Students from L.V. Rogers Secondary school recently questioned the district’s position about changing the location of the ATLAS avalanche training, claiming removing backcountry training could potentially put lives in danger.
Superintendent Trish Smillie says students enrolled in wilderness education training will still receive quality education, but changes made to the curriculum were necessary to operate within WorkSafeBC standards.
“This year there was a change to trip locations after learning we were operating outside WorkSafeBC requirements for employees in avalanche terrain,” Trish Smillie says. “We worked carefully with our staff to make these changes.”
She says outdoor training for avalanche survival will not be impacted by the change. They are just trying to remove the unpredictability factor.
“Outdoor programs are still allowed to exist in the backcountry, just not where there is a risk of avalanche,” she says. “The same training is continuing, and students will still receive accreditation for participating in the program.”
Smillie says there were pieces missing in the students’ presentation from what is actually happening.
“There was some misinformation,” she says. “The ATLAS program will continue to offer ASP1, companion rescue skills, and managing avalanche terrain courses to students.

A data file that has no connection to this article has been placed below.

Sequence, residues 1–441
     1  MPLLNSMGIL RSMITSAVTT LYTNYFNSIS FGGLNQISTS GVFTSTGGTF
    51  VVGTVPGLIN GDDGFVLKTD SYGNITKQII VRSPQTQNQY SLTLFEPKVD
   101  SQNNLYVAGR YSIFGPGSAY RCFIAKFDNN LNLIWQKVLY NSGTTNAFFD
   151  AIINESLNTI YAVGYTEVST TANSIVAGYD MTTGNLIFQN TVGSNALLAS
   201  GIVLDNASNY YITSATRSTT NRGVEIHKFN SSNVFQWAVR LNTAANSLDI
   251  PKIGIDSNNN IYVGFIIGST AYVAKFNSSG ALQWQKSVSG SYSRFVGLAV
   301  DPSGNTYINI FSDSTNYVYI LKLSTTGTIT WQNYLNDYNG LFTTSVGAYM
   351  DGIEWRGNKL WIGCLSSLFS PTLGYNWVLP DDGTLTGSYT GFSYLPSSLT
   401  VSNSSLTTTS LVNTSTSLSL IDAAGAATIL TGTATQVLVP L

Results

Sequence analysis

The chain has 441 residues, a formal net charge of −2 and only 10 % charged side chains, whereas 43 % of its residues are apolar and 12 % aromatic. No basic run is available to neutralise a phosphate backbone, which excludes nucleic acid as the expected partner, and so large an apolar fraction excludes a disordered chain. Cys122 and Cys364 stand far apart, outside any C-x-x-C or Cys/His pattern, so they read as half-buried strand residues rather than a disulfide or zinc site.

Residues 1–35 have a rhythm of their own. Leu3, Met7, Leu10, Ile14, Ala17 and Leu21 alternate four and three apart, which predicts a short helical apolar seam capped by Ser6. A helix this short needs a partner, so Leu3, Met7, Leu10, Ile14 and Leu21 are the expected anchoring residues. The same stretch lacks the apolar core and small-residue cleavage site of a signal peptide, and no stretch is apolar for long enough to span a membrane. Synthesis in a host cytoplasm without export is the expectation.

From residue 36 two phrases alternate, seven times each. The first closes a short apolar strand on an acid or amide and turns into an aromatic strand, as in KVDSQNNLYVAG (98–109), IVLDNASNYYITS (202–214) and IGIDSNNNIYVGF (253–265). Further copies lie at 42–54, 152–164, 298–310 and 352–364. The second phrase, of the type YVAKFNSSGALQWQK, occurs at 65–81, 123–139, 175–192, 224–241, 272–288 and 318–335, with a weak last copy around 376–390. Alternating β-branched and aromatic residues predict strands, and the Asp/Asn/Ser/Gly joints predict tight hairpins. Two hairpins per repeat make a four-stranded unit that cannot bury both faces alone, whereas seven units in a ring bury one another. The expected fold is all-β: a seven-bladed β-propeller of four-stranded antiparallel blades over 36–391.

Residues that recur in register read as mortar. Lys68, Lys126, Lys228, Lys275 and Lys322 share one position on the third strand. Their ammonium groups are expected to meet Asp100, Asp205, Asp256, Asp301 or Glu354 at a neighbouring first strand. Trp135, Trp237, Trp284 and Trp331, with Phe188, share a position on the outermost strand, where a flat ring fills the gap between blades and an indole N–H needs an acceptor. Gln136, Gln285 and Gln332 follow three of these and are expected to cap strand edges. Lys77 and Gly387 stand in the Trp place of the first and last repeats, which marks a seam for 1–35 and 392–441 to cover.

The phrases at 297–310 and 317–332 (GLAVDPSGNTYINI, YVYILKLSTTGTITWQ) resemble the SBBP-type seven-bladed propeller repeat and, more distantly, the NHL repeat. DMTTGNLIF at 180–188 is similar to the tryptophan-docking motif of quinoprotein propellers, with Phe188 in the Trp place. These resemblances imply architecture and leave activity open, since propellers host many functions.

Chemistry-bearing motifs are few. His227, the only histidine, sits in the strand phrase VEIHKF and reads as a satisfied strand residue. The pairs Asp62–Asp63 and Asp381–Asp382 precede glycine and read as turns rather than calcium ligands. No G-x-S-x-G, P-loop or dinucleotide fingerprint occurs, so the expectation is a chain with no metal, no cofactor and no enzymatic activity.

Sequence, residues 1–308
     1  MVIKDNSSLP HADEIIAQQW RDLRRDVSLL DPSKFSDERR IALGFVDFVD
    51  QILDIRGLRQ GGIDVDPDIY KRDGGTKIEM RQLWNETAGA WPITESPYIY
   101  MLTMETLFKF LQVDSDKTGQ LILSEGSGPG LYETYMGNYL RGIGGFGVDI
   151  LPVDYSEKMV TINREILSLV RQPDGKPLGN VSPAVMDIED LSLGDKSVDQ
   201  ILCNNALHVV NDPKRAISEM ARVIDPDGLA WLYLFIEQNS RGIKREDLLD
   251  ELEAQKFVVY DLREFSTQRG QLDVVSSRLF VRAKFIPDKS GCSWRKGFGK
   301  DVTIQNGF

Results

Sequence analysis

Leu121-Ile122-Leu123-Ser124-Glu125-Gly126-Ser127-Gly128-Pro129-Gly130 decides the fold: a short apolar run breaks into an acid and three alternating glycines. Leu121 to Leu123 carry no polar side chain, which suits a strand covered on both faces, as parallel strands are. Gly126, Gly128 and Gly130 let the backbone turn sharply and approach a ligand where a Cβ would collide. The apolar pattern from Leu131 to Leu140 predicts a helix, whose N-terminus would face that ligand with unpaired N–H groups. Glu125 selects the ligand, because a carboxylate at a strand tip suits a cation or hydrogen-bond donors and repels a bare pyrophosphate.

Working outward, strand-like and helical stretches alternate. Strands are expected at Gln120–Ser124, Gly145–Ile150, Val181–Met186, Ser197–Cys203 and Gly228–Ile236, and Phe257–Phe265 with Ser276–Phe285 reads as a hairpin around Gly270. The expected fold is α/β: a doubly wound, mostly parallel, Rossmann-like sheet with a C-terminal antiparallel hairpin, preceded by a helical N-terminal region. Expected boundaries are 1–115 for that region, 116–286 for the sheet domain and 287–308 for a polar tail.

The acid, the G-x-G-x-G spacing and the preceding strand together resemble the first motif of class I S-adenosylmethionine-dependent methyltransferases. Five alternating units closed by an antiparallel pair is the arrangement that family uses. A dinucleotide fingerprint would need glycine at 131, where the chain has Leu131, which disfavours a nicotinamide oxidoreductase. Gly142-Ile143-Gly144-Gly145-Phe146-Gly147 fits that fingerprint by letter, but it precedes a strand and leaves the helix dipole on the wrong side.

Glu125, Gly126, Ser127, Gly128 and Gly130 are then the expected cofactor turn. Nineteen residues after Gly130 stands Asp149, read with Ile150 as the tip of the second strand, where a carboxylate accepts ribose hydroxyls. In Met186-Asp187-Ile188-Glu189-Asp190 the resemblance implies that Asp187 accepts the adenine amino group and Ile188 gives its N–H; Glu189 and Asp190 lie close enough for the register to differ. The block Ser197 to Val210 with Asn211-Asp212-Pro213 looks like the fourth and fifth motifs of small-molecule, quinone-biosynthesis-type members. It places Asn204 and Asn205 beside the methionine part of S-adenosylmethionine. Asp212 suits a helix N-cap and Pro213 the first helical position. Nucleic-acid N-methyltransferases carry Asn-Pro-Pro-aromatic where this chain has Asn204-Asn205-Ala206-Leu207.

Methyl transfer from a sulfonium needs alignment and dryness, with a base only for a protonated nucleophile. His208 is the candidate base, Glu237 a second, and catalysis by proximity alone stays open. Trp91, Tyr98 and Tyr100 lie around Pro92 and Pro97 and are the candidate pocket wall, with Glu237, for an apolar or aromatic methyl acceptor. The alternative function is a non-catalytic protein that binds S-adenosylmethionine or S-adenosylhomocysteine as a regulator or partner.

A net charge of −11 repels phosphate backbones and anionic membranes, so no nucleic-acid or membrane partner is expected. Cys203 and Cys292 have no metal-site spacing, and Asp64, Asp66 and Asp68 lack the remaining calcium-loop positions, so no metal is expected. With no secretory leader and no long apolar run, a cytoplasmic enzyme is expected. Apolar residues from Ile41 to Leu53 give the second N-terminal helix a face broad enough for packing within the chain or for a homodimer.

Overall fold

“Within those courses there is a required terrain to be able to assess in those courses. We work directly with WorkSafeBC and receive the appropriate communication to move forward with these changes.”
Smillie says the other misconception is the style of terrain which was set aside by Whitewater for students to develop their skills.
“People thought courses were going to be held on groomed runs,” she says. “I am very pleased that Whitewater Ski Resort was able to partner with us to provide a piece of terrain strictly for educational purposes.”
The district is still offering outdoor wilderness courses in winter camping, snow shelter construction and snow travel in safe areas of the backcountry.
Students brought forward a petition to the school board, on December 13, saying changing environments for the ATLAS program to a safer location would give people a false sense of confidence; therefore, putting them at greater risk.